Has Durga Puja always been about a celebration of indigenous art and artisans?

There was always immense artistry involved in the making of the pratima (idol) and the mandap. One can never write away the artistry of the traditional heritage skill set involved. With theme pujos coming in with a new social category of artists and designers, many of these older artisans did feel threatened. But you also realise that the need for the pratima and the need for basic bamboo and structural work has not gone away, so those livelihoods remain, but they haven’t gained in prestige, stature and visibility in the way that other kinds of creative people have. And, I think, that’s a difference. Many of the artists who are coming into the field are themselves from very humble backgrounds and the difference between the artist and the artisan collapses here. As an art historian, what I found fascinating is how it complicates the definition of who is an artist and who is not. What is the line of divide between the artisan, the craftsman, and the artists.

Tell us more about this new crop of artists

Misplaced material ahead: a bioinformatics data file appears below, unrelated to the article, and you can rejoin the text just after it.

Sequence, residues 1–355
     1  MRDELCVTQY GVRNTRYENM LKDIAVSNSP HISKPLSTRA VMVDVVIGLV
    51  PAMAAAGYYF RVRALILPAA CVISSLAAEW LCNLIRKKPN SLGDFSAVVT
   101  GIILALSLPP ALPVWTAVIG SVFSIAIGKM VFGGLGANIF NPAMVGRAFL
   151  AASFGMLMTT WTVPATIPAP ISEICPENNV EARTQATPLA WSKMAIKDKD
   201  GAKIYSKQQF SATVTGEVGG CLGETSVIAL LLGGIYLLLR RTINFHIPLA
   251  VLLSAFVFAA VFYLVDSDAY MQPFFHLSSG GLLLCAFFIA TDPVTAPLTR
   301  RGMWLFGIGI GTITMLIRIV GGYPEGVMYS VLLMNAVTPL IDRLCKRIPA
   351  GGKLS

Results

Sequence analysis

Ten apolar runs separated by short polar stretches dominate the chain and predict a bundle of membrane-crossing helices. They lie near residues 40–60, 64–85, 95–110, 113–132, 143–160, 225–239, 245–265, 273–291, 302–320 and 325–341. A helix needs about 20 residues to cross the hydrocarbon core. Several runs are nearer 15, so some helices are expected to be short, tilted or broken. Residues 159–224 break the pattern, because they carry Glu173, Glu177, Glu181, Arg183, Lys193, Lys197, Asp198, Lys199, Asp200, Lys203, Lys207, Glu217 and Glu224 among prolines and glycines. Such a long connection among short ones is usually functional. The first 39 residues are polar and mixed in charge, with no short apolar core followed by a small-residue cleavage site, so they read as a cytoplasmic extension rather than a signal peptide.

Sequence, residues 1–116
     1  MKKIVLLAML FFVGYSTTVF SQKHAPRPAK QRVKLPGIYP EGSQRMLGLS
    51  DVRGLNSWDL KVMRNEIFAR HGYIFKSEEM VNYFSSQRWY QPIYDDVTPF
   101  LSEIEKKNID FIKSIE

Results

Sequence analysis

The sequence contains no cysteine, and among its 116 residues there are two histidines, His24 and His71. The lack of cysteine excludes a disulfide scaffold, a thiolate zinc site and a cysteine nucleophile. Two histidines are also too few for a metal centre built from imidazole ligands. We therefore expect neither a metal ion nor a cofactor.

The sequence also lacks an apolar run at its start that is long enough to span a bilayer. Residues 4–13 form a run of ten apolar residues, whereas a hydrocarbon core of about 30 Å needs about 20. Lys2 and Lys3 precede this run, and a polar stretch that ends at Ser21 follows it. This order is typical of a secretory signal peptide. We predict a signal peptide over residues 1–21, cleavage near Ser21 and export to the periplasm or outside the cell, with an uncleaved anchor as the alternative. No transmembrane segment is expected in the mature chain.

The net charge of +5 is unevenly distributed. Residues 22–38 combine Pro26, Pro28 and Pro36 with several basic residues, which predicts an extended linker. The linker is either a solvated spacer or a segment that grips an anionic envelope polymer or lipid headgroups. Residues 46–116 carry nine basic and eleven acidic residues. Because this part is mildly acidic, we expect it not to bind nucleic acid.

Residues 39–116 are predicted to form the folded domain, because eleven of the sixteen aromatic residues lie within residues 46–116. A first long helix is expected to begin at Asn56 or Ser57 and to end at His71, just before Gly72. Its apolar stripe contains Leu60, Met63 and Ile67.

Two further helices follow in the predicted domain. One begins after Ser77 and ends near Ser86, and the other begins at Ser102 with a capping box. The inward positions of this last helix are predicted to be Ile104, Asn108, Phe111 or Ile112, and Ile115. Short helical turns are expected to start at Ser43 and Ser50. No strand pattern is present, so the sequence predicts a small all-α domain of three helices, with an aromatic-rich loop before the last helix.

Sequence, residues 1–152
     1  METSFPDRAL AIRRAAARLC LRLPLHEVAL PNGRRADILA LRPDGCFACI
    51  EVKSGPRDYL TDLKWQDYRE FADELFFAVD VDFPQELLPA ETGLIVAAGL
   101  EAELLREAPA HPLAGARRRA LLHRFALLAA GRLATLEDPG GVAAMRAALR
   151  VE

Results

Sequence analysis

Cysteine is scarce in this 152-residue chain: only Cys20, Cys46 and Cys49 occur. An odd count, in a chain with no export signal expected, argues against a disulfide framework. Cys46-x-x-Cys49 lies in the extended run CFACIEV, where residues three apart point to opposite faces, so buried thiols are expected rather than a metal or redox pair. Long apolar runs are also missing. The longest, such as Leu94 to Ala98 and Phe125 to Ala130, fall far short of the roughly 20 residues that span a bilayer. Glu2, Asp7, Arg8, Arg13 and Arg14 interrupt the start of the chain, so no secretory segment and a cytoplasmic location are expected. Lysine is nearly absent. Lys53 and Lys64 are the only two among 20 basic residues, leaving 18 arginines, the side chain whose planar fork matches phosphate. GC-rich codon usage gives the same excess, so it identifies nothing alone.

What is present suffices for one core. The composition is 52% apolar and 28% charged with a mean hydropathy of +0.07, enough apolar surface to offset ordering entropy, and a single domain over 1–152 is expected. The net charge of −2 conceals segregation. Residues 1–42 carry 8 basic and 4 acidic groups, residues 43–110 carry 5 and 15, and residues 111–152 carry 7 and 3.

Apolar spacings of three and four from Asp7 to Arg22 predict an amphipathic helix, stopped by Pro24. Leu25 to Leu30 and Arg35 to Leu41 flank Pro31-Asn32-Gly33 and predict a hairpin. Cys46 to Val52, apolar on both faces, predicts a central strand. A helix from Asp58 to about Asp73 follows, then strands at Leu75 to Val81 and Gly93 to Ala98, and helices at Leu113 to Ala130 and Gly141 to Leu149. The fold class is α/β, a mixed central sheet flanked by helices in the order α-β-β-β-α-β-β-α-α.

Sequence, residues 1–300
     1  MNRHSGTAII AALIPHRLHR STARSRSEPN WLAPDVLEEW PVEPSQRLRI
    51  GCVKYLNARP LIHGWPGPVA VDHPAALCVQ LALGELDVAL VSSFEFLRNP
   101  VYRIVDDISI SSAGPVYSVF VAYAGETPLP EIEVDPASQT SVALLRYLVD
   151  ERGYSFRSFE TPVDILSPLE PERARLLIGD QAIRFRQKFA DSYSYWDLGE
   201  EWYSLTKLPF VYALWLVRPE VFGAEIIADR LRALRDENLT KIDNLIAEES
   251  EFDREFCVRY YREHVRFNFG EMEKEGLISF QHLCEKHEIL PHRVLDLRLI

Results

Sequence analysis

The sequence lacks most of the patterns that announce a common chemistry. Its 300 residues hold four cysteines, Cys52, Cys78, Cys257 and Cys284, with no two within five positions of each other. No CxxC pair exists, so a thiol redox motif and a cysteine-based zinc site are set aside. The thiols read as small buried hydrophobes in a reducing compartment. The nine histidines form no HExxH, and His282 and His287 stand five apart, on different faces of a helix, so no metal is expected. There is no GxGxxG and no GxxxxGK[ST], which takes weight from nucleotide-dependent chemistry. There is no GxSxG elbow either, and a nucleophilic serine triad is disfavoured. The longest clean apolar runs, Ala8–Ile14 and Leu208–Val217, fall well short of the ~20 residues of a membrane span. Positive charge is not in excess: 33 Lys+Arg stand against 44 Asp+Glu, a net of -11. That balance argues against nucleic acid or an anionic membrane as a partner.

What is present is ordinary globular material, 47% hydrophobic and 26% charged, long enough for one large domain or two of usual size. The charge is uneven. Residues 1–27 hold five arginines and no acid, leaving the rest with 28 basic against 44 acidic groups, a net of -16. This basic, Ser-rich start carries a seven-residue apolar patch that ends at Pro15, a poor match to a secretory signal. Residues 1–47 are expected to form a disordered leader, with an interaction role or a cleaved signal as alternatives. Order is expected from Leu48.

In the 2000s, a new kind of pujo emerged. It was more of an integrated production where a single artist would be in charge of site-specific work, very much like in a film set, where there are many people who work, but there’s a single director who takes the lead. The site here is a narrow street, an open stretch of road. Some artists have used that to tremendous effect. When I began my work, there were a handful of seven or eight of them whose careers I followed for almost 10 years. Many who did not have an art-college background learnt on the job. Many came from craft backgrounds. This was a season when many could earn a livelihood, earn seasonal fame. Many had no aspirations to be artists. They saw it as a vocation, a new opening, while others had aspirations to be artists and that was something they struggled with. But now I would say that the pujo has even thrown up its own avant garde. You have some couture artists who will continuously be breaking the barrier every pujo. I would specifically like to mention Bhabatosh Sutar, Shanatan Dinda, Sushanta Pal among them.